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Article by Robert Smith

British Lamb Prices Driven by Exports
2012-02-03

Lamb prices shoot up after sheep shortage – but there are other factors to consider that may have a detrimental effect on price.

© Robert Smith Photography

ewes and lambs

The price of British lamb has increased by 20 per cent this year and could climb higher, after a shortage of sheep in Britain has caused problems in the meat market. A combination of a weaker pound and a shortage of supply has meant that prices have been driven by the export market.

According to official data from the Meat Trades Journal, the price of minced lamb is now £9.45 a kilo, up 21 per cent on the same week a year ago, when it was £7.83. The increase in lamb chops is not as dramatic, but has still seen a significant jump of 11 per cent, with chops trading for £11.64 a kilo.

Nick Allen, the executive director of the English Beef and Lamb executive, said: "It's supply and demand. We can't just magic up more lambs. There's no denying that lamb is now very expensive for many consumers."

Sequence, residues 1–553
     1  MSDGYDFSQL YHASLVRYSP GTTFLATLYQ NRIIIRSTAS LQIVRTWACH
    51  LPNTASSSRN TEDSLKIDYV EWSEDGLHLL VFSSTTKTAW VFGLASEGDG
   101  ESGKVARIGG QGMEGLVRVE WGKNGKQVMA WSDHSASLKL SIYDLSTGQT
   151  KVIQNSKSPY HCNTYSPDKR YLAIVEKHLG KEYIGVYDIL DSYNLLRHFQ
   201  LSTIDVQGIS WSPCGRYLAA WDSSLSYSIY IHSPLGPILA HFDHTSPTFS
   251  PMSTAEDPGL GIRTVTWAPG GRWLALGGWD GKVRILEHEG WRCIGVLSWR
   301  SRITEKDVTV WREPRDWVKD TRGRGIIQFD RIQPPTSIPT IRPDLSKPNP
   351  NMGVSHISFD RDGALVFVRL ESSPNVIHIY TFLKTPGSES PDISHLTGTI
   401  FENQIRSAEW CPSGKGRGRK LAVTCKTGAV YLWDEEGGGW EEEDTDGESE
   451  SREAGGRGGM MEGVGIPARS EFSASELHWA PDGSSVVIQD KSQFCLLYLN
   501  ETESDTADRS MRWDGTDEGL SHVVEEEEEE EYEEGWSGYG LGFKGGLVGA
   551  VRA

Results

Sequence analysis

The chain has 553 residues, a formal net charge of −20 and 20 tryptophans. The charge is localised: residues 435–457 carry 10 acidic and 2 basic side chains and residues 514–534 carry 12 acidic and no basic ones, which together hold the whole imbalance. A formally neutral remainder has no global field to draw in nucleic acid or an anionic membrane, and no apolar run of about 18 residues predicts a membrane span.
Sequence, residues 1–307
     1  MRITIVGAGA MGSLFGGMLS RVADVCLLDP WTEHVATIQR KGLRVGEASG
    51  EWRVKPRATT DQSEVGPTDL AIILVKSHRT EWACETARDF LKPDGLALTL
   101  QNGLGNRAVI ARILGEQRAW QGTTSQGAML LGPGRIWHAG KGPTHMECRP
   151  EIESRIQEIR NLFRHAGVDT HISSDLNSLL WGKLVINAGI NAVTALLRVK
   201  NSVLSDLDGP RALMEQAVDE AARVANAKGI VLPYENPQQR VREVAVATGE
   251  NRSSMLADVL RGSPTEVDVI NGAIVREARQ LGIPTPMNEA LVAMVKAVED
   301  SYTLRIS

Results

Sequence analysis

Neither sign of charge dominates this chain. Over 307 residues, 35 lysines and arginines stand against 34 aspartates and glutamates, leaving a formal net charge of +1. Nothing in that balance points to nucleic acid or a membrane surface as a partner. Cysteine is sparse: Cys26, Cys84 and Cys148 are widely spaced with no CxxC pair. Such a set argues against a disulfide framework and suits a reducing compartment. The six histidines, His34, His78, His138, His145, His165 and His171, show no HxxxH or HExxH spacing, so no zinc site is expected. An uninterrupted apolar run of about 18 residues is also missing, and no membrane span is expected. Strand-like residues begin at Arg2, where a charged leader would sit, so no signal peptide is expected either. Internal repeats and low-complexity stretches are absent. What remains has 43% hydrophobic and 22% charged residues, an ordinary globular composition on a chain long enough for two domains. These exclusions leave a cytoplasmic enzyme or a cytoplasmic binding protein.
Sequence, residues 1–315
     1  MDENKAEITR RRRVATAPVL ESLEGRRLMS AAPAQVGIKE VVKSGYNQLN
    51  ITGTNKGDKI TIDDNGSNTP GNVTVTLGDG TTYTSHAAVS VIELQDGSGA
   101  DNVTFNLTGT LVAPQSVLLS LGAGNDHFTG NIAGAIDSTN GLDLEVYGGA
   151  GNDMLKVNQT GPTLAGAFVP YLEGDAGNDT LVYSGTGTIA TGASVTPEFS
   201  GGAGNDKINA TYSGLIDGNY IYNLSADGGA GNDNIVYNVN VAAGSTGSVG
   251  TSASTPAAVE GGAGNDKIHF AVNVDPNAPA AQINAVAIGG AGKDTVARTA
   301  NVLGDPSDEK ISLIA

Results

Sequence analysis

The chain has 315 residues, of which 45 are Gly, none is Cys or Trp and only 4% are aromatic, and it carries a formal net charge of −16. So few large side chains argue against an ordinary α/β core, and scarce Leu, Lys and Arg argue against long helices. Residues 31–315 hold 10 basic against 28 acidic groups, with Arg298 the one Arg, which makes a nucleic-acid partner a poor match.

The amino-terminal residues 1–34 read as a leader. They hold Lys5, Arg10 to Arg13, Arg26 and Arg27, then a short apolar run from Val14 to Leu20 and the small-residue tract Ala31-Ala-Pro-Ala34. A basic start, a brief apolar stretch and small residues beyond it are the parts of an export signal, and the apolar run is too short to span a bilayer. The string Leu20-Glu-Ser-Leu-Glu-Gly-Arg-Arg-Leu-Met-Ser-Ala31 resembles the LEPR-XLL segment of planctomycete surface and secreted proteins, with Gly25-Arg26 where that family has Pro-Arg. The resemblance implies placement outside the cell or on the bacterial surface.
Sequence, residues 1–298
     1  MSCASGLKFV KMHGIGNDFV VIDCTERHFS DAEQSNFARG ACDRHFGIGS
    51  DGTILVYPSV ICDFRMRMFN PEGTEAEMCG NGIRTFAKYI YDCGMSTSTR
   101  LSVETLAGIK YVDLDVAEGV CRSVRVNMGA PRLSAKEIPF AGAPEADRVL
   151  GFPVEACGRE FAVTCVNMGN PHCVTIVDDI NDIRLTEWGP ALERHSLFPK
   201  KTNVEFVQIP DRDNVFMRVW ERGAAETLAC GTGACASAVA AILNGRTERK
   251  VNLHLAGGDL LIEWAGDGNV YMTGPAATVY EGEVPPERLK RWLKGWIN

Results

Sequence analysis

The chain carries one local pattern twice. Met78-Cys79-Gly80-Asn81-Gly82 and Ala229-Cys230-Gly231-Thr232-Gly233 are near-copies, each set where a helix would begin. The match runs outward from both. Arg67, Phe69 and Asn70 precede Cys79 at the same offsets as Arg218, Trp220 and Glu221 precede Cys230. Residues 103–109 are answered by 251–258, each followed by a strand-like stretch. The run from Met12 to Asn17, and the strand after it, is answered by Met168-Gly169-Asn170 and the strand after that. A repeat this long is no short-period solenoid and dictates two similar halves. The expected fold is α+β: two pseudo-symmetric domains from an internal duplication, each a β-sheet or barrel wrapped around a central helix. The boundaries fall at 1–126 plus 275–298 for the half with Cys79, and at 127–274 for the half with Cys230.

According to statistics from the Department for Food and Rural Affairs there were 21.3 million sheep and lamb in Britain at the end of last year, a fall of 3 per cent on the year before and a substantial decline from the 27.6 million at the start of the decade.

Ed Bedington, the editor of Meat Trades Journal, said: "I can't see how lamb prices won't increase significantly as the year goes on. From the farmers' point of view it's great – for those that remain it is the first time in ages they are finally making profit. But for consumers, it means that lamb is getting very expensive to eat."

With the present optimism there also has to be some pessimism - the supply of lamb on the market at the present time is lower than normal and traders are finding resistance to prices from abroad due to a strengthening pound and the European financial crisis. Exporters are relieved there is not large numbers of lambs coming forward at the present time as demand from abroad could falter if larger numbers were available. Currency and the world economy also plays a major part in determining the skin prices and these could soon fall with a strengthening pound.

The major factor that influences the price of British lamb is sheep numbers and exchange rate – it is unlikely that there will be any increase in demand but if there was to be any significant movement in the supply, or a strengthening pound, this could soon have a detrimental effect on lamb prices.

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